When you accidentally start your E-Portfolio…

This chapter has given insight specifically in the difference between a rough cut and a rough draft. The author stats, “…in a rough draft all the assets should be finely edited and in place so that the project will work without any intervention by the author.” Ah-ha! No I get it. The rough cut didn’t have to work, it didn’t have to make my argument for me, and it didn’t have to be in any sensible form. But, a rough draft has to attempt to accomplish your goal, it has to touch your audience, it has to do the talking for you. This distinction was quite abstract to me until I read this one particular sentence. And not only that, but I began to see how important the feedback loop is in this limbo between rough cut and rough draft. This small liminal phase is actually one giant transitional phase because of all of the revision that needs to be had; only then can you start to fine-tune the rough draft that you’ve created—a rough draft that might be quite “shitty,” in the words of Lamott—and that’s okay.image

This rough cut gave me a little bit of trouble because the medium of my re-mediation doesn’t fit the traditional model for the rough cut as displayed in the book, but I think I was able to pull together my interpretation of a rough-cut as would be fitting through the definition given in the book. I feel like I have this flexibility with the rough-cut because of how flexible Writer/Designer seemed to portray this process.

This chapter also helped me to digest my e-Portfolio. Because, let’s be real, the thought of creating a website seems intimidating to say the least. But after reading the “Drafting & revising Your Project” section, I feel at peace with this task, and quite frankly, I’m excited about it. I’ve already created my page; it’s in an infant stage, but it’s there. I think a lot of time when I’m challenged with a task I’ll put it off for as long as possible. But, this one has become softer, and easier to approach since thinking of it as a process rather than a project. Also, I kind of stepped back and started to appreciate the summative nature of it: this is the way I can showcase myself as a writer, and my work, and my passion. This isn’t busy work imposed on us by evil teachers who want to see us labor over our keyboards, this is life experience that means a collaboration, and an end goal I can be proud of. This e-portfolio will make the fruits of our labor tangible, or as tangible as a website can be.

Here’s a sneak peek of where I’m at:

Screen Shot 2015-11-03 at 9.54.34 PMThese pictures, through the gallery option, will become the icons for my Poster Series. And I’ll admit, I did skip the rough cut for this section because I got excited about the gallery options, but either way, I know that through the security of the feedback loop, I’ll be able to make adjustments as many times as I need, and as drastically as needed. I guess I accidentally started my E-portfolio…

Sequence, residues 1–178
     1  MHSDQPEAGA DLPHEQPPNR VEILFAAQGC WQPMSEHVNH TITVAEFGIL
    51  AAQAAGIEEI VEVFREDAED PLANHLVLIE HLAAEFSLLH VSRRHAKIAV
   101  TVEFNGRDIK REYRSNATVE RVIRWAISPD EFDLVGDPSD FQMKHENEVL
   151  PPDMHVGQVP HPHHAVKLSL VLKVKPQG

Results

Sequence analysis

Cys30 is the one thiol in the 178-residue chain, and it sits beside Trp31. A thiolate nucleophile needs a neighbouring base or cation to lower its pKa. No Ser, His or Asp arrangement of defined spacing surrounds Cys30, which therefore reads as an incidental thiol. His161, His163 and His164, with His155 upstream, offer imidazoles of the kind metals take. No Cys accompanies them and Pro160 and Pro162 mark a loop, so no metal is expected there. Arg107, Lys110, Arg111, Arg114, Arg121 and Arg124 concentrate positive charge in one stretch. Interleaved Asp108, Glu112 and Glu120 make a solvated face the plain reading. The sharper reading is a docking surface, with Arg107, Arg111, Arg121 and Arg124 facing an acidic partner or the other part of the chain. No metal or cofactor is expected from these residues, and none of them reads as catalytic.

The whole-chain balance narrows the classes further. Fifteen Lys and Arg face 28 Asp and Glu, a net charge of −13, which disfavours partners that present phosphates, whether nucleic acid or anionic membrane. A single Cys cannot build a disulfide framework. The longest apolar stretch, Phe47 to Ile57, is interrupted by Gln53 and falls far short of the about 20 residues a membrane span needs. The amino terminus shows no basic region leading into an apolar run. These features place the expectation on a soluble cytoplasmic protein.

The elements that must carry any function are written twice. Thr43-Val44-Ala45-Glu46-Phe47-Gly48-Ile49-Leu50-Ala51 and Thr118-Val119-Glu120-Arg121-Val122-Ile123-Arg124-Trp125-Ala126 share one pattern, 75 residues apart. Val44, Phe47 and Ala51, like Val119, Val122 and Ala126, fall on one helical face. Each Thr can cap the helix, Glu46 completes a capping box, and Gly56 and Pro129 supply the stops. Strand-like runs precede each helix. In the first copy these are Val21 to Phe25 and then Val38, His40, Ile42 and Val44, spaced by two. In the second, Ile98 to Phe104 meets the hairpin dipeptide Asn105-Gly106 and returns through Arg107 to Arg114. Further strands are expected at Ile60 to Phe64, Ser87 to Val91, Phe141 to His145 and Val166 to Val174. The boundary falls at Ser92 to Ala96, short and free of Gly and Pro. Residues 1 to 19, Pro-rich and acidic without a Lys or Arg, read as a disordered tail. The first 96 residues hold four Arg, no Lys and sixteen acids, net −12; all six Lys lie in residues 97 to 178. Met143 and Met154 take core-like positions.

2 thoughts to “When you accidentally start your E-Portfolio…”

  1. Hi Kit!
    I love that you point out the kind of loop that there is between a rough cut and a rough draft. Start with a rough cut, get feedback and make it a rough draft, then get more feedback and it might go back to something that resembles more of a rough cut than a draft. You’ve just got to keep revising until you get past the “shitty first draft” stage (which might take a lot more work than expected).
    I’m very impressed that you started your ePortfolio already! We’ve been forced to think about it for a few small pieces we’ve done so far, but I’ve been trying to keep it out of sight and out of mind. I think that getting something resembling a ePortfolio out there right now is a great way to make the whole process less intimidating. And as you said, it’s really cool to be able to see the summative nature of the whole thing, and have the knowledge of how your work might look when it’s finished. I think that will help you a lot with the drafting and editing process.
    Great work Kit!

  2. Hi Kit!
    Wow, so much of what you say rings true to me. I was also intrigued by the distinction that the book makes about rough cut vs. draft. At first I did not quite understand what the difference was – when we were assigned to make “rough cuts” I did not interpret it as anything different from a draft. I thought that the term simply referred to the fact that we were using different modes rather than just words. But in reality, the distinction is about substance, or argument. Without a substantive “cut,” we are unable to take any real steps.

    I also completely hear you when you say, “I think a lot of time when I’m challenged with a task I’ll put it off for as long as possible. But, this one has become softer, and easier to approach since thinking of it as a process rather than a project.” Depending on the task at hand, I can be a huge procrastinator. And I think it is because this class is so unspecific and flexible in its assignments, it is so tempting and easy to put off thinking about them until we are forced to. (In contrast, when I have a specific reading and prompt in an English class I have no problem diving into the task, as I know what is expected of me and how much time/ work is required). I love your use of the word “softer.” Sometimes when I start work it is very soft… other times it is much more challenging – there is much more friction and discomfort. And its not that the work itself is more challenging. What’s different is the mental state, the laziness and unwillingness to take that first, concrete step of figuring out what we want to / need to do.

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